• People who work full time shouldn't live in poverty
  • Homelessness shouldn't exist in the richest country in the world
  • Women deserve both equal rights and equal pay
  • Corporations and rich people shouldn't be able to legally bribe politicians
  • Trashing the planet for profit is wrong and must stop
  • Every American should have world-class health care at little or no cost
  • Free higher education (and quality public schools) unlock human potential which benefits the entire country 
  • Children should learn the true racial history of America so they can empathize with their peers who are still experiencing these problems and grow up to become well-informed adults 
  • Women should make their own medical decisions, not politicians
  • Massively profitable industries, from oil, coal and gas to Walmart and Amazon, shouldn't get billions in subsidies and tax breaks
  • Children shouldn't fear getting shot at school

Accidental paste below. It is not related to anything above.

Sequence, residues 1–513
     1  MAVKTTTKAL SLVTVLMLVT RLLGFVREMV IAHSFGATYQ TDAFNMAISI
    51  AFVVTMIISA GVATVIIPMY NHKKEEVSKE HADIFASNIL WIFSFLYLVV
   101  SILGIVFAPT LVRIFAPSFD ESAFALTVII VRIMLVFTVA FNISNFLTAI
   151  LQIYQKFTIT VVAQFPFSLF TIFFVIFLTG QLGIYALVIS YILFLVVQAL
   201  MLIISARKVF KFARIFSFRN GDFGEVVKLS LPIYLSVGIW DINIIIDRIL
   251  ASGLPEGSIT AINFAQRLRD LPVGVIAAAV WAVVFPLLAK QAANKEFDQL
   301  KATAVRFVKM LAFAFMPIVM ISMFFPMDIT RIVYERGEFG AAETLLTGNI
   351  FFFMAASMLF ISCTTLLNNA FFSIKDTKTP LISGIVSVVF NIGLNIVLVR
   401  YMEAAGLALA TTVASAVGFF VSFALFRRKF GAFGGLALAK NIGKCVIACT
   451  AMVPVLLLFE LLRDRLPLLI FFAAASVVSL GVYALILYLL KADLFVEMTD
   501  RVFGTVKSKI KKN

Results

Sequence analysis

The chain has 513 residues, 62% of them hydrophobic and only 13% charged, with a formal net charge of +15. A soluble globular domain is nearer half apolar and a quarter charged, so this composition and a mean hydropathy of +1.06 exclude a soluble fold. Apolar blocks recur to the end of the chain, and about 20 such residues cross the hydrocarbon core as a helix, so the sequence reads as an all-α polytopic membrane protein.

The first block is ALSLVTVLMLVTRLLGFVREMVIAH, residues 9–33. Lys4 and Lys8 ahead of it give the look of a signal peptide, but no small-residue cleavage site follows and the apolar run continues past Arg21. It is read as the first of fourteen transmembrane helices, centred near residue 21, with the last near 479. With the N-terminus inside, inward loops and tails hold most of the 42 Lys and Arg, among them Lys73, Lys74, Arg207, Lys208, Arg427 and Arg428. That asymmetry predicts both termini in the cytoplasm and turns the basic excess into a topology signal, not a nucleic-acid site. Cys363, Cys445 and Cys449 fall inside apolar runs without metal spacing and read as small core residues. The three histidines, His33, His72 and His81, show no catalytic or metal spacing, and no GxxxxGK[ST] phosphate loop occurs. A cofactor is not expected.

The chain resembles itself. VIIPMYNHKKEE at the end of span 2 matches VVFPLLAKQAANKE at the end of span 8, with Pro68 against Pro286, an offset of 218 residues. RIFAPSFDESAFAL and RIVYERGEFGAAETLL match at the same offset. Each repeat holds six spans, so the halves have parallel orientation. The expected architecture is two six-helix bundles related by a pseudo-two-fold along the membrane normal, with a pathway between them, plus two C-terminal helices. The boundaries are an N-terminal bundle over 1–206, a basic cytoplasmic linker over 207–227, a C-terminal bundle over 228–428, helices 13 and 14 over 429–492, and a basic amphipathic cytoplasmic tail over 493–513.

• When Wall Street banksters steal from us all, and should be imprisoned instead of bailed out
  • No CEO is worth $100,000 an hour ($20 million a year) or more

It's actually a pretty reasonable summary of the perspectives and positions of most Democrats who'd describe themselves as liberal or progressive today and, while not descriptive of every elected Democrat, shows the direction the party is moving. 

But it immediately provokes the counter-question: Now that Trumpism has taken over the GOP, what do they believe? 

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Since the Republican Party stopped publishing a platform or clear positions on issues after the 2016 election, we pretty much have to look at its behavior, but that, at least, have been consistent. Here's what's obvious, based on "what they do":

  • "Free and fair elections" are for suckers
  • White men should run the country and the world
  • Violence is a legitimate tool in politics
  • Conspiracy theories like the one suggesting Democrats drink children's blood as an "elixir of youth" are probably true
  • Rich people and their kids shouldn't have to pay taxes
  • More guns mean less crime and fewer deaths
  • The darker your skin, the more likely you're a criminal
  • Leadership is about instilling fear, not vision
  • Women are men's property
  • Climate change and evolution are tricks to take away our freedoms and ruin religion
  • Education makes people stupid